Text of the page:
“I am sitting down shivering whilst writing this piece. I am dressed in my down jacket, boots, long johns and a hat. I am indoors and the cold from the floor is startling. But there is no snow on the outside. Neither below zero degrees. In reality it is 7 degrees Celsius and raining. And this is the normal day. The house my family and I are living in is a traditional Victorian house from 1909 that once housed cotton mill workers and their families. The walls are thin, there´s moisture and mould on most walls, insulation is missing almost entirely and the electricity and gas are expensive. We pay it with a card, which charges us more than double compared to people who have proper electricity supplied centrally, and when you most need it to work, it stops. I have to run down and top it up at a corner store, run by a Pakistani family who also sells camel milk for 6 pounds a liter. This has been one of the coldest winters I have ever experienced. This is Moss Side, England 2014.”
My experiences in Moss Side have changed my image of England. For better and worse. I had no idea that such poverty that I have come across here existed in England, the 6th richest country on earth. But neither did I have an idea that such a vibrant, diverse cultural society like the one in Moss Side existed on this continent. For me it has been discovering a hidden gem! That is why I have decided to do a walk from Moss Side to a suburb of London named Buckhurst Hill.
This is where I spent my first eleven summers. Buckhurst Hill is in a pretty much all white affluent English area back then and it was a time, which turned me into an Anglophile. The plan is to walk 450 miles from Moss Side. This foot journey is together with a partner and my 20 months old daughter Sardana, who I will push in a stroller. I am bringing her for two reasons, first of all because I cannot, like most English people, afford paying 800 pounds a month for a daycare. Secondly, it seems like the English are the most private people on earth. In this case, since I need them to open their doors, and I believe my daughter will be very helpful!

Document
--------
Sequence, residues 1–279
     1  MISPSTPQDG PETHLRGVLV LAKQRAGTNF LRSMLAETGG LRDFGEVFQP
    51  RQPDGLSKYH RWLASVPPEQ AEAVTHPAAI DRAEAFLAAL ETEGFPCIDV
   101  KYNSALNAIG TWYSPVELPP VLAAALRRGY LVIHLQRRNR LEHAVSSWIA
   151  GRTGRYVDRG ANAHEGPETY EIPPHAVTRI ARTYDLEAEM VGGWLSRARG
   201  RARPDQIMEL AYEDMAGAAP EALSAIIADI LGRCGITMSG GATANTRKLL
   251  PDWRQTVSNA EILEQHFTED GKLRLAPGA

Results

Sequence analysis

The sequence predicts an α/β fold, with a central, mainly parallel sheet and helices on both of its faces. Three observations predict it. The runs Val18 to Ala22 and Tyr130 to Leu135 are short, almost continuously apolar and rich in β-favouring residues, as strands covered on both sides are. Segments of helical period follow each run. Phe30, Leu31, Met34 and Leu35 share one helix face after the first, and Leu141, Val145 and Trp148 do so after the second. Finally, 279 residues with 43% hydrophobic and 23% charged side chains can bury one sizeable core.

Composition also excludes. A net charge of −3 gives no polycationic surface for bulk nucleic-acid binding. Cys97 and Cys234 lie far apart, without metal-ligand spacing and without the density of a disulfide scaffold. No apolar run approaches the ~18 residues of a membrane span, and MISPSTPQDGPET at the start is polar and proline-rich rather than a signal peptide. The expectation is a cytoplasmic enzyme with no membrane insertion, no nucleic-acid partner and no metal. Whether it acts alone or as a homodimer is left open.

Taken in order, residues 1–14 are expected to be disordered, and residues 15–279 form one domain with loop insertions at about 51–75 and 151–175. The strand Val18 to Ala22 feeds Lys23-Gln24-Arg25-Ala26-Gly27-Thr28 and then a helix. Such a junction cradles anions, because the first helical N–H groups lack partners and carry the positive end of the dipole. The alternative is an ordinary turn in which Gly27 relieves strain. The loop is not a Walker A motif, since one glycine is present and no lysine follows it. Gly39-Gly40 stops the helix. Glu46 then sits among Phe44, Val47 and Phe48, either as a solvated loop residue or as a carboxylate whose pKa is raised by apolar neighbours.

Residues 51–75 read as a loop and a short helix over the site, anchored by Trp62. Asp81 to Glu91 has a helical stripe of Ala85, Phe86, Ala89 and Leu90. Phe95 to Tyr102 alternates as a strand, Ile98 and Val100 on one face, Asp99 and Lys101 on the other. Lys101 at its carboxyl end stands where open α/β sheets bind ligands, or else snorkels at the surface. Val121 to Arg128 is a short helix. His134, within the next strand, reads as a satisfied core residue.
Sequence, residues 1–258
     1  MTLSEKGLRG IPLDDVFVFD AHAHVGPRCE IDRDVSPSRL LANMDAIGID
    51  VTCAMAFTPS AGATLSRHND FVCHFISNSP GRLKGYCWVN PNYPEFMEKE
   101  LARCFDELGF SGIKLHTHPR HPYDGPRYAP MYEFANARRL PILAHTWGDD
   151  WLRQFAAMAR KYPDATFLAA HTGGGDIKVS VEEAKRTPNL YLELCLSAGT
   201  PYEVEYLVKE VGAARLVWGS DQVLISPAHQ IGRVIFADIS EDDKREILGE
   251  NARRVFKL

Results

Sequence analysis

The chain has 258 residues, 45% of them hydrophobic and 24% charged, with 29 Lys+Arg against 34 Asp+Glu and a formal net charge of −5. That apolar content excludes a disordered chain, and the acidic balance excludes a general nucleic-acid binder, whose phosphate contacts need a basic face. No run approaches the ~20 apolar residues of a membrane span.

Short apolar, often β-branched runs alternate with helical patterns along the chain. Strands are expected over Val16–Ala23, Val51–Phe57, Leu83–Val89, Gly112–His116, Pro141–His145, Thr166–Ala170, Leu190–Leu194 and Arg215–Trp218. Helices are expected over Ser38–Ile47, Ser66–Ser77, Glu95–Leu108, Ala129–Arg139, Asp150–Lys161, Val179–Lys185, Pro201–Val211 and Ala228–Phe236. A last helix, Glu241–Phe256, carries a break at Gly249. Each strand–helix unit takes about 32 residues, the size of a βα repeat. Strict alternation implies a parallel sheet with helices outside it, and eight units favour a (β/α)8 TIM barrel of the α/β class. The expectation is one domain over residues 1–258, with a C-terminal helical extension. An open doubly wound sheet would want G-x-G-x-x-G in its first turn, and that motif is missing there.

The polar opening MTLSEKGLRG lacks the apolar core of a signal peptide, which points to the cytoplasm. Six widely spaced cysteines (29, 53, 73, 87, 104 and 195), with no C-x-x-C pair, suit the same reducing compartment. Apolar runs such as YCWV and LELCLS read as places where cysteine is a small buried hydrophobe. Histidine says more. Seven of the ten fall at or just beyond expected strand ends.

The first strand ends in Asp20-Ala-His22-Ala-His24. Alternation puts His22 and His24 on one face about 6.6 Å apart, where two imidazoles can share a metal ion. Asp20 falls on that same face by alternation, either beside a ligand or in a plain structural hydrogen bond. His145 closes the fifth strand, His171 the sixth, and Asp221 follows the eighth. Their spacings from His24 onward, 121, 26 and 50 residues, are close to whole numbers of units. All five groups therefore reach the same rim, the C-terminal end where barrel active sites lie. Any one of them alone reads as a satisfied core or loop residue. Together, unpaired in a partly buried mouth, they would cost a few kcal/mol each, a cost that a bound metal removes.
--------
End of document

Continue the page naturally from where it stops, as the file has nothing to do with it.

I believe that I, like most people on earth, have an image of what they believe England is like. An image I have noticed many English still try to sell today. An England of an equal society dominated by polite and proud people, quite reserved and always drinking tea, dressed in bowler hats and thick coats, who loves the past, rugby, fox hunting, the royals, their gardens and who with great conviction believe they saved the world from the Nazis and that the island still has a lot of influence on the world and its future.
The England I have experienced so far is quite different. During my 10 months of living in the north of England I have realized that very few people fully understand the great changes which are taking place in England and Great Britain. For example, more than 1 million need help from Foodbanks today, and unemployment is rife and growing. Most English I come across today have a migrant background from Asia, the Caribbean, Eastern Europe or Africa. In my part of Moss Side, quite a few women are dressed in niqab and abbaya (full covered Islamic dress for women) and men and women go as much to the mosque, gurdwara (sikh temple), hindu temple as to the Anglican church. A major part of the kids in my daughter’s school are Afro-English. Some of the white neighbors I have lack healthy teeth due to no help from the government. And most of them are in their early twenties.
So, the question is, what does the ‘real’ England look like today? This is what I want to find out during my walk through the heart of the island. The main goal is to do a positive documentary about this extraordinary island, which seems stuck in between the US and Europe. So far, including the demanding winter experience, the newer England for me is a positive experience. But I also know that by 1922 the British Empire had control over about 458 million people, one-fifth of the world's population at the time and they held sway over almost a quarter of the Earth's total land area. As a result, its political, legal, linguistic and cultural legacy is considerable. 92 years later the Empire is all but gone, but Great Britain (especially its engine England) is still one of the global powers. For this reason, what happens in England, have major implications for the rest of the world.